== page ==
Monday, October 4, 2010

What do socks and bulletproof vests have in common?

Last week Notre Dame and University of Wyoming scientists announced a breakthrough in the commercial mass production of spider silk

For years I have heard speakers talk glowingly of spider silk--about its tensile strength that is greater than steel, its amazing ability to stretch, and its ability to retain its strength at temperatures as low as -40 degrees C. It also is thought to possess antimicrobial properties that might make it useful in medicine. Possible uses of spider silk include making superior surgical suture thread, bullet-proof vests, automobile air bags and other strong, lightweight  fabrics that could be used for clothing like running socks and athletic shirts.

Unfortunately, spider silk is amazingly difficult to obtain.  Spiders have been milked, or more properly, "silked"; but this impractical for obtaining all but the smallest quantities of silk.  This is what makes the Notre Dame story interesting.  Molecular biologists have attempted in recent years to product silk through the process of genetic engineering.  One apparently failed biotech venture involved insertion of spider silk genes into goats, that produced silk in their milk.  The idea was that the silk could be extracted from the milk.  Lately researchers have focused on inserting spider silk genes into the all-time best producers of silk, the silkworm caterpillar. The result is a caterpillar that spins a combination of silkworm and spider silk, with improved toughness and elasticity.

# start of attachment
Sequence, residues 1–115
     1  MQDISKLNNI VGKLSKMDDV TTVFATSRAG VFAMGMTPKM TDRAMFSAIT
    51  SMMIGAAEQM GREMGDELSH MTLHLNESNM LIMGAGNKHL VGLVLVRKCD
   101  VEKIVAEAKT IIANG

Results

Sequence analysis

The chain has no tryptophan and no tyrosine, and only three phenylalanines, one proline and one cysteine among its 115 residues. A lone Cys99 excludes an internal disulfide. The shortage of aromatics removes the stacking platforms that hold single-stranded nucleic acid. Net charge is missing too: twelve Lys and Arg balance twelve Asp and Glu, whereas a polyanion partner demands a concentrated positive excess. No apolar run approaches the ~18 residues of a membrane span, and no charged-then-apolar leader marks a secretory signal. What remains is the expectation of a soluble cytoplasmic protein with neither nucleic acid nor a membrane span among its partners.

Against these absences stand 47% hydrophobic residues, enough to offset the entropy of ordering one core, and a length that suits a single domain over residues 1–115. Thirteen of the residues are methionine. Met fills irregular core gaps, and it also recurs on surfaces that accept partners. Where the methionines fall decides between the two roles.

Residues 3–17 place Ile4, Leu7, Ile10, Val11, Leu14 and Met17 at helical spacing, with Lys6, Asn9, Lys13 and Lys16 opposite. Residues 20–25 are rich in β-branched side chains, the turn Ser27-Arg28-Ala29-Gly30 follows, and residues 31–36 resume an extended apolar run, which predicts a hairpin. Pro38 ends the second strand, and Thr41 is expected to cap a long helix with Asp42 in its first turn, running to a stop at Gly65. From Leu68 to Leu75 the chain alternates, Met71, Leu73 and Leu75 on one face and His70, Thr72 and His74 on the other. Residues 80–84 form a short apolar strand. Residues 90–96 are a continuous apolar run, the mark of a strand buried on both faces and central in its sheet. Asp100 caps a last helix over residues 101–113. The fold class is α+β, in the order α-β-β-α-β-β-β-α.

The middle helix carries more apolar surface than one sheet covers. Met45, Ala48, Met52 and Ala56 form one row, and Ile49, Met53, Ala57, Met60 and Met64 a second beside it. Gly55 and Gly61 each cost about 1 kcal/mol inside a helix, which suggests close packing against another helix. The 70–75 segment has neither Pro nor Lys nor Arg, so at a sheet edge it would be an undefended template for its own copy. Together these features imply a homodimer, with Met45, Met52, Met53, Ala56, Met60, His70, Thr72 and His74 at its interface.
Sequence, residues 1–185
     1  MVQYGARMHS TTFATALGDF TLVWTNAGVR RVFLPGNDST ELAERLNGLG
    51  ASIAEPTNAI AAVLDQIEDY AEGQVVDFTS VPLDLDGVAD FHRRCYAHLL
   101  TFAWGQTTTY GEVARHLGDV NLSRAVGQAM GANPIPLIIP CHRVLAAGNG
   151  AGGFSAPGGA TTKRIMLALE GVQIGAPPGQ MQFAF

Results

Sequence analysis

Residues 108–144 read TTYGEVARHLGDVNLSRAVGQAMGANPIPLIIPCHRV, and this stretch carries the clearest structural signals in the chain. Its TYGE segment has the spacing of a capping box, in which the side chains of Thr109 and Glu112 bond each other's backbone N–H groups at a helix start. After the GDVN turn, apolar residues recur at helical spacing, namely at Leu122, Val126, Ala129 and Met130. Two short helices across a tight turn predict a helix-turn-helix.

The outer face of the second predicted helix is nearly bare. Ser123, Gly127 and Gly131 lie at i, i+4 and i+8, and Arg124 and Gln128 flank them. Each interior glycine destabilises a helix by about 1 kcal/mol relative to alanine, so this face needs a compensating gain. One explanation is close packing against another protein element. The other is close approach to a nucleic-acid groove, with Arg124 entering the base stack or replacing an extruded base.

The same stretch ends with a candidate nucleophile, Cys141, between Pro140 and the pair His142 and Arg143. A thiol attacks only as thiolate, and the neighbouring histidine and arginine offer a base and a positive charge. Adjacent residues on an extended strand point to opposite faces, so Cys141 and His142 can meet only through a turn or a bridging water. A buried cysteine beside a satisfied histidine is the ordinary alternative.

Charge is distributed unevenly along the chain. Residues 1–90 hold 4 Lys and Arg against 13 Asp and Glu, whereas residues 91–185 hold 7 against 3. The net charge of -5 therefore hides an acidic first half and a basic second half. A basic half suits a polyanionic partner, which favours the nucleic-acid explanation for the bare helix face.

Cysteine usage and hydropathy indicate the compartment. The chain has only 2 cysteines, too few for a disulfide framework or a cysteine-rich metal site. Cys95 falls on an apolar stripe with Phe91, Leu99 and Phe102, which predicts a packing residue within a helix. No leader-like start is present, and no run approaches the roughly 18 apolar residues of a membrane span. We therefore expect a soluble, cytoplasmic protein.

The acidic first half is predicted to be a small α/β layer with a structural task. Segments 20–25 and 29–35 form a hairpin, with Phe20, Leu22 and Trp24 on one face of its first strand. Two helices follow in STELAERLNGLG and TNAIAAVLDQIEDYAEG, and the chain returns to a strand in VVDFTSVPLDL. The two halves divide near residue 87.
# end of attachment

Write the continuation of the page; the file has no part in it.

All this reminds me of the many times people have asked me, "What good is that bug?"  Spider silk research is just one example of the many amazing products that are possible if we protect, and take the time to learn about our biological heritage.  Who would have guessed that tiny spiders might hold the secret of antibacterial socks, or a better air bag in your car?  And what other useful insects or arthropods are out there, if we just take the time to preserve and study them?  All this becomes especially significant when you consider that hundreds of thousands of insects will likely go extinct over the next 50 years if habitat destruction is not controlled.  The loss to humankind of failing to protect these resources is literally incalculable.

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